As a new President leads America into the nineties, the importance of justice and mercy must not be forgotten.
In just a little over a week, the formal honeymoon begins. George Bush will take the presidential oath, and his administration—the forty-first in our history—will steer this country’s course for the next four years.
It will not be easy.
Unlike his formidable predecessor, Bush has neither the landslide popularity nor the ideological forcefulness from which to launch a Reaganlike social-political agenda through the houses of Congress. Moreover, both houses are filled with Democrats nursing postelection grudges over a presidential campaign in which the rhetoric contained more invective than edification.
Because Bush lacks Reagan’s popular mandate, he will have to build consensus in order to avert defeat on every point of his agenda. Early in his term, Bush must establish a leadership style that takes into account the concerns of more than the vocal few. (As Paul Weyrich, the architect of the New Right, surmised, “We can’t say with a straight face to this guy, ‘We created you. We sustained you.’ ” The fact is, they didn’t.) The new President must avoid pandering to special interests, with an eye to re-election. He must instead address head-on the concerns of a whole nation.
Just which concerns should Bush address? In trying to evaluate the thousand-and-one issues converging upon the new administration, we liked what we recently read in America on the “flesh and blood” meaning of national issues: “Issues are abstract statements of the concrete problems of real people. Moreover, these are largely the problems of people’s sufferings.” Seeing issues through the lens of human suffering—and working to alleviate that suffering by “loving mercy, doing justice, and walking humbly” (Micah 6:8)—may help us as Americans and, more important, as Christians to focus better on those issues demanding a governmental response sooner rather than later.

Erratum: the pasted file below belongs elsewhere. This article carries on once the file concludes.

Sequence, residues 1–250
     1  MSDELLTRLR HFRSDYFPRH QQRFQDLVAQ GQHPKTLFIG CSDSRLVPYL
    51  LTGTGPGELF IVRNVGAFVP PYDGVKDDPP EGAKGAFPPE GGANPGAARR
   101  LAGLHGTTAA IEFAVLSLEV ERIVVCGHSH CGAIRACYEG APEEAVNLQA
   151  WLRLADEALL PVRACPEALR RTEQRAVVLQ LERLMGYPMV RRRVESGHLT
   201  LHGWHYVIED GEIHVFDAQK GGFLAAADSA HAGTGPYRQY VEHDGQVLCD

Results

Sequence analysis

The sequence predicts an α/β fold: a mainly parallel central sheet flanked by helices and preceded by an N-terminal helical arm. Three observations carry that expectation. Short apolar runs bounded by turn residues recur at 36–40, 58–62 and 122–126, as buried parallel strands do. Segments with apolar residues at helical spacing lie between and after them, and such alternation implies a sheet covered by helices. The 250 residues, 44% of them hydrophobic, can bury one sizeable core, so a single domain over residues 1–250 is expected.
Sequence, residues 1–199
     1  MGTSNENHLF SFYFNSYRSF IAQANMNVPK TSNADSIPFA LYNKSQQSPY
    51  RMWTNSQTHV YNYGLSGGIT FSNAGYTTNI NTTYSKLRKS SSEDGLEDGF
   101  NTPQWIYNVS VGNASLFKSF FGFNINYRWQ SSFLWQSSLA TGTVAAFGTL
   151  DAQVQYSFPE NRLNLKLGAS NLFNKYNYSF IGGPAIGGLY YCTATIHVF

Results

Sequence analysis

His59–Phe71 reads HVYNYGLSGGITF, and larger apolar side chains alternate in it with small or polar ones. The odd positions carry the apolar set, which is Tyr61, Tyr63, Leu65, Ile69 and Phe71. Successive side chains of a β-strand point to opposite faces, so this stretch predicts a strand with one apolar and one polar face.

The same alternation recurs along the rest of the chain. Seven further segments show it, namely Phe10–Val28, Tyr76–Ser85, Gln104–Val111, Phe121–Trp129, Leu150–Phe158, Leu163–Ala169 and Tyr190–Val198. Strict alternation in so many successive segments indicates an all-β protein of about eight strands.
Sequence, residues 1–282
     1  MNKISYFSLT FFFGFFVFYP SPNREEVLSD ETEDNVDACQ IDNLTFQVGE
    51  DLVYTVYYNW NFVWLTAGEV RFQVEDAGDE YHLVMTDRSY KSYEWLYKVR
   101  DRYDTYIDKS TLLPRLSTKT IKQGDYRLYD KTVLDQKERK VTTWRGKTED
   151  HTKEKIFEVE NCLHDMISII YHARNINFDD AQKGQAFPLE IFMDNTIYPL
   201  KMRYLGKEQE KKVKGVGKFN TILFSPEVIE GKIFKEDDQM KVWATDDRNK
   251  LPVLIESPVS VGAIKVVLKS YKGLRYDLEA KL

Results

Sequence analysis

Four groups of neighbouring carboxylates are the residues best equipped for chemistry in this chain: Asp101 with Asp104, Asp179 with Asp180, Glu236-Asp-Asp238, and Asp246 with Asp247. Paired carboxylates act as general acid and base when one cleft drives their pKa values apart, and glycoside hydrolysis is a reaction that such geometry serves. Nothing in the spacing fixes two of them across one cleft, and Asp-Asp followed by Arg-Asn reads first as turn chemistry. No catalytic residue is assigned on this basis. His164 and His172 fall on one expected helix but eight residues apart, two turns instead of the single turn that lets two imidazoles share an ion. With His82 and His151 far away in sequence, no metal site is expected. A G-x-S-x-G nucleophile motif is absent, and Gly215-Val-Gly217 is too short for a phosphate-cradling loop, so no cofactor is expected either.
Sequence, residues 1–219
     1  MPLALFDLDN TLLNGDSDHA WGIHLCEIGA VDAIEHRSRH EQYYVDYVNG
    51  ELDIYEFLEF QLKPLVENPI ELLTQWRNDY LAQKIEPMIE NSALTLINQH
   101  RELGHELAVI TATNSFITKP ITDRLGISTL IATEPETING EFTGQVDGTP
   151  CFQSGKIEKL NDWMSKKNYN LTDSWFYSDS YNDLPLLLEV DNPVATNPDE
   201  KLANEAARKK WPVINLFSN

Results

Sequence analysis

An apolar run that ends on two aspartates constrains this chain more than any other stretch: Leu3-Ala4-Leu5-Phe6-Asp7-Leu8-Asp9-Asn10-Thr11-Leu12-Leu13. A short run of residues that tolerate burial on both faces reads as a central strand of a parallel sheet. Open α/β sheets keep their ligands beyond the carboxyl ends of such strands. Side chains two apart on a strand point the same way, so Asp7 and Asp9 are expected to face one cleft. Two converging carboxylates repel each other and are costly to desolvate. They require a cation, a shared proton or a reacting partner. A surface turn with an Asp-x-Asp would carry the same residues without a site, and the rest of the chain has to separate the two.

Having looked at the issues through the lens of suffering, we suggest these presidential priorities.
Budget Cutbacks And Justice
Few Americans understand national economics. Even fewer understand the ramifications of a $155 billion national debt. (Economists themselves are uncertain as to what such a debt really means.) For that reason, most Americans refuse to see the budget deficit as presidential challenge number one. Nevertheless, the connection between rising debt and “people’s sufferings” will become increasingly visible as the Bush administration works to whack the deficit down to size. And thus the church needs to express moral concerns about how the budget is trimmed.
With tax increases anathema (if only for the time being), only significant budget cuts from the areas of defense and social spending can make a real dent in our elephantine debt. Cutbacks in the former seem unlikely. Yet we would encourage the new President to question the wisdom of our current “defense” build-up, especially in light of American rhetoric basing such a build-up on the hope for international peace and justice. A strong defense is necessary. And peace and justice are certainly proper motivations. But what has become the strongest military arsenal in history cannot help calling those motives into question—especially among nations such as Nicaragua and Panama, countries pressed on both sides by the courting superpowers. Perhaps now, more than at any other time, we must grapple with the meaning of a $300 billion-a-year defense machine in the context of our relationship with the rest of the world. When is enough enough?